A new Finnish study shows that boys who were fed a low-saturated-fat diet from infancy through their first 10 years had lower cholesterol levels, healthier arteries, and a lower risk of stroke than those fed normal diets.
Researchers say the results suggest that a diet designed to lower cholesterol levels can have long-term beneficial effects in children growing up in an area with high rates of heart disease, such as Finland.
Low-Fat Diet May Build Healthier Hearts
In the study, published in Circulation: Journal of the American Heart Association, researchers randomly divided about 1,000 healthy 7-month-old babies into two groups. The parents of one group received counseling and instruction on feeding their infants a diet low in saturated fat, and the infants in the other served as a comparison group and were fed normal diets.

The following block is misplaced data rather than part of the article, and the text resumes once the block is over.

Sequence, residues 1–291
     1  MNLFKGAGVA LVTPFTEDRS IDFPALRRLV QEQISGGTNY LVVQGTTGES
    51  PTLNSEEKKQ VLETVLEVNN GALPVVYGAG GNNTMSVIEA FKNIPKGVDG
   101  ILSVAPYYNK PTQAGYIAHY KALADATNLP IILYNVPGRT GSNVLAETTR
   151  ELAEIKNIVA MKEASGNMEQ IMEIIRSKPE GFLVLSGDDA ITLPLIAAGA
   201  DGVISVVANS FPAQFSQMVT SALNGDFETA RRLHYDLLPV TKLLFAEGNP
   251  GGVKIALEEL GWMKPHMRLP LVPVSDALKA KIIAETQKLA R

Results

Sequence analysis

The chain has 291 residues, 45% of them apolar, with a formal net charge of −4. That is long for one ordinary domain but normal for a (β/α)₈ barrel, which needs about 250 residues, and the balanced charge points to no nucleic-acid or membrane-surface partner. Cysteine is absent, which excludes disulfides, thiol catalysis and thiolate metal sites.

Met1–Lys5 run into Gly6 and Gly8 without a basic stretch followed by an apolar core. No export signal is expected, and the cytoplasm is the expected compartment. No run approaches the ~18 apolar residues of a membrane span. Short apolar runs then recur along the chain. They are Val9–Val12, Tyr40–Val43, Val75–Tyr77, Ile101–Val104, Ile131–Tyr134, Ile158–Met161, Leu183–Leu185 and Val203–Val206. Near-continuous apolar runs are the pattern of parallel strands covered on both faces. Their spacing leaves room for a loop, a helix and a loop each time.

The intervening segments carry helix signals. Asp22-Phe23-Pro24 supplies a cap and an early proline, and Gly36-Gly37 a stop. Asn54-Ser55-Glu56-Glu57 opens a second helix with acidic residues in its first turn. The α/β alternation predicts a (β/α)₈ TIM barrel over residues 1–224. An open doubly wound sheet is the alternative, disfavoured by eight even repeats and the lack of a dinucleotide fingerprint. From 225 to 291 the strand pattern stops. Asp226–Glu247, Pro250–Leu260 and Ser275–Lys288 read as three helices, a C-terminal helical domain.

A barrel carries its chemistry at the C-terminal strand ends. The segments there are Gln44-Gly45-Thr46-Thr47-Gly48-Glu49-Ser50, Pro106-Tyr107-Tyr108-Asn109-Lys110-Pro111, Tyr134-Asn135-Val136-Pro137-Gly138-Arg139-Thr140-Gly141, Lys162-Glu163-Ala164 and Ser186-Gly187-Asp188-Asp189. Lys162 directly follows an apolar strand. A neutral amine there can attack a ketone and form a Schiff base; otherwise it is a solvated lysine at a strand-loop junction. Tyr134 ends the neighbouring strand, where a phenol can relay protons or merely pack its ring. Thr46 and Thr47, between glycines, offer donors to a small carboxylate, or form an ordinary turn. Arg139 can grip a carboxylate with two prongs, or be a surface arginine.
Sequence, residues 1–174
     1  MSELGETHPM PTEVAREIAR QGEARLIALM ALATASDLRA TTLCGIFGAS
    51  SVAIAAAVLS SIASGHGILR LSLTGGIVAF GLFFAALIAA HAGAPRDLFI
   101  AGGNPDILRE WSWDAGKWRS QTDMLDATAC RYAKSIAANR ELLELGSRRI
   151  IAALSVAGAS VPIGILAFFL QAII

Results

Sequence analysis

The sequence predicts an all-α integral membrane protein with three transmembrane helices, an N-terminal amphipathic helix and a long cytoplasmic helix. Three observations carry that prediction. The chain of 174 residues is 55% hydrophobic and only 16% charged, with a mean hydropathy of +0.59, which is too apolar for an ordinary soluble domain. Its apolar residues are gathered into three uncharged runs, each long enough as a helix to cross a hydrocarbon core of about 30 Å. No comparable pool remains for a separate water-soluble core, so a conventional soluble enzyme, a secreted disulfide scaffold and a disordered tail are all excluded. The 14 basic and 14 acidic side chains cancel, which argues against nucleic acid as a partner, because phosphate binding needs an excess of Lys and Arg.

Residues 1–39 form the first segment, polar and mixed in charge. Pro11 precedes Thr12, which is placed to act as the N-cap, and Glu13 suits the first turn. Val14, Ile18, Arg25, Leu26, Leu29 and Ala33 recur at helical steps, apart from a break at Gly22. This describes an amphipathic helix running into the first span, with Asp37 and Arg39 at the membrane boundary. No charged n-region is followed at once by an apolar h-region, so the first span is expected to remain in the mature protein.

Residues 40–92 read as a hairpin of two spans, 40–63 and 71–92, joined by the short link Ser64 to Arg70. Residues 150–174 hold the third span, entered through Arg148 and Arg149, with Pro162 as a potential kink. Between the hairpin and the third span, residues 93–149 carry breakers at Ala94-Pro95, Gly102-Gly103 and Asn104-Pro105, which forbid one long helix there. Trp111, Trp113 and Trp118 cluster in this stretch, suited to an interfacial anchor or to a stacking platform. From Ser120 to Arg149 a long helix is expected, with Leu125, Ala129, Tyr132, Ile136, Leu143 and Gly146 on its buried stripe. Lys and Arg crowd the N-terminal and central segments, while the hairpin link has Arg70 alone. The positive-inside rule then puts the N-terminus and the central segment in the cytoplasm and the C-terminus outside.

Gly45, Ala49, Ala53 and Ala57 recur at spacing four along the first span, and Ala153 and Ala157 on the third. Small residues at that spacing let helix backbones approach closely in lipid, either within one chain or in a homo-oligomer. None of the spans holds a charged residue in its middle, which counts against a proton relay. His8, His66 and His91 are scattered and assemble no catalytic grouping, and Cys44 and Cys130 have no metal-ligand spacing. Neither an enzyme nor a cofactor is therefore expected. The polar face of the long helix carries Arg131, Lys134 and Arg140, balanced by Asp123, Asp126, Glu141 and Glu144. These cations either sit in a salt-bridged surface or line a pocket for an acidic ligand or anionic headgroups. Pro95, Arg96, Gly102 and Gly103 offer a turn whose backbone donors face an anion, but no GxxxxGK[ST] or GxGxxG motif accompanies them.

Saturated fat in the low-fat diet group was limited to about 30% of daily calories from fat. In the comparison group, daily intake of saturated fat was unrestricted and was consistently higher than 30%.
When the children were 11 years old, researchers measured artery function and cholesterol levels in almost 400 of the children. They found boys who followed the low-saturated-fat diet had healthier arteries than those who followed the unrestricted diet.
Boys who followed the low-saturated-fat diet also had significantly lower cholesterol levels.
This effect, however, was not found among girls in the study.